Research studies show two primary effects of wealth transfer taxes. One, by reducing the size of after-tax bequests, it makes heirs less likely to start or maintain a business. Two, the prospect of future estate or inheritance taxes appears to speed up a business owner’s retirement date, but also discourages labor force participation for wage earners. This indicates that there’s no simple way to characterize the effect of the estate tax on entrepreneurship.
Recent research explores how estate and inheritance taxes (or wealth transfer taxes) impact entrepreneurs and would-be entrepreneurs. Efforts to repeal the “death tax”—or to slash the number of taxpayer’s subject to the estate tax, as recent federal legislation just did—may worry hard-working entrepreneurs concerned about losing their life’s work to taxes.
The estate tax might impact the decision to start a business or keep it going, if business owners are looking ahead and want to leave the company to their heirs. However, the evidence on this is surprisingly ambiguous.
For example, most wealthy people don’t take full advantage of opportunities to transfer limited amounts of wealth through tax-free gifts during their lifetimes, which is a very basic tax avoidance strategy. The estate tax also impacts heirs by decreasing the size of after-tax bequests.
The current federal estate tax applies to a fairly exclusive class with a generous exemption from the unified estate and gift tax—$11.2 million for singles and double that amount for couples. Many deductions reduce the amount of wealth subject to the tax, including unlimited deductions for charitable donations, transfers to spouses and “valuation discounts” that reduce the amount of family-owned business and farm assets that are subject to the estate tax. However, anything over the exclusion limit and deductions is taxed at 40%.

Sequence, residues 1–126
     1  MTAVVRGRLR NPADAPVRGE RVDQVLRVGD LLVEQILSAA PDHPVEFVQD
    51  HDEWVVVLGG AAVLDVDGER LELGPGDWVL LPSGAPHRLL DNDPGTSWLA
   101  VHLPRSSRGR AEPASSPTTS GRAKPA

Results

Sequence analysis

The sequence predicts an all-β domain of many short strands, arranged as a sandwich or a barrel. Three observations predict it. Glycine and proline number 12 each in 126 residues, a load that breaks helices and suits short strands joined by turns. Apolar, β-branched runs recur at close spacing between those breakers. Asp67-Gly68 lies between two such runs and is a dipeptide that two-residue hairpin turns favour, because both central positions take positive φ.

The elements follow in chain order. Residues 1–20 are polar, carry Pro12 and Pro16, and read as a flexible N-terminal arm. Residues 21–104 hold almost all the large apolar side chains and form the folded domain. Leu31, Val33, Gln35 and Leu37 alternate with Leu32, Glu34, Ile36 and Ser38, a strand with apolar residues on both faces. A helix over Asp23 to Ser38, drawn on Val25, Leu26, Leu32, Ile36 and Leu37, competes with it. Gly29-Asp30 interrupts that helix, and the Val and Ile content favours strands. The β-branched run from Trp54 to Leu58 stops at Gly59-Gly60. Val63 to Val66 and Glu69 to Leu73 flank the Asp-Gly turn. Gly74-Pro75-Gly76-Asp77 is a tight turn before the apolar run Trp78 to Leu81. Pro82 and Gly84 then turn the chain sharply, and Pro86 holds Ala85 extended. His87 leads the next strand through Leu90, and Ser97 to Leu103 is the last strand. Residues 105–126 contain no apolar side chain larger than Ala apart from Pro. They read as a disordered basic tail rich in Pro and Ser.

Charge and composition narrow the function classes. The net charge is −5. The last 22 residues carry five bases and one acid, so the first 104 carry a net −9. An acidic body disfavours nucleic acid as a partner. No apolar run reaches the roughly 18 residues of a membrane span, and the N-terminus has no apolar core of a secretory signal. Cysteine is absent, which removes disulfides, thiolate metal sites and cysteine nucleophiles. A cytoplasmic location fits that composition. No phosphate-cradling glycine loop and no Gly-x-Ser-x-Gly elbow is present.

The research finds that receipt of an inheritance raises the likelihood of having active business income by about 13%. The size of the inheritance is also a major factor, but is usually less important than the fact that an inheritance exists. In addition, the thought of future estate taxation reduces the likelihood of remaining self-employed, but not because people elect wage employment over self-employment. It is actually because it makes employment less attractive. Taxing bequests reduces the payoff to working (and saving) for those with bequest motives, which makes both self-employed people and wage earners slightly more likely to retire.
Therefore, the research shows that the impact of wealth transfer taxes on entrepreneurship appears to be small. However, the researchers point out that there are several important caveats to their conclusions. One is that self-employment is not the same as entrepreneurship, and most survey data can’t distinguish between entrepreneurs who innovate and take risks from business owners who don’t.
Another factor is that many heirs have parents or grandparents, who were themselves successful business owners from whom they might have inherited entrepreneurial inclination and skill. Last, even if estate and inheritance taxes are distorted, it’s not clear that they’re more burdensome than other politically-feasible taxes. As a result, they contend that replacing the federal estate tax with higher personal income taxes could cut overall social welfare. Repealing or replacing the estate tax, would almost surely make the tax system less progressive.
Reference: Forbes (March 7, 2018) “How Do Estate And Inheritance Taxes Affect Entrepreneurs?”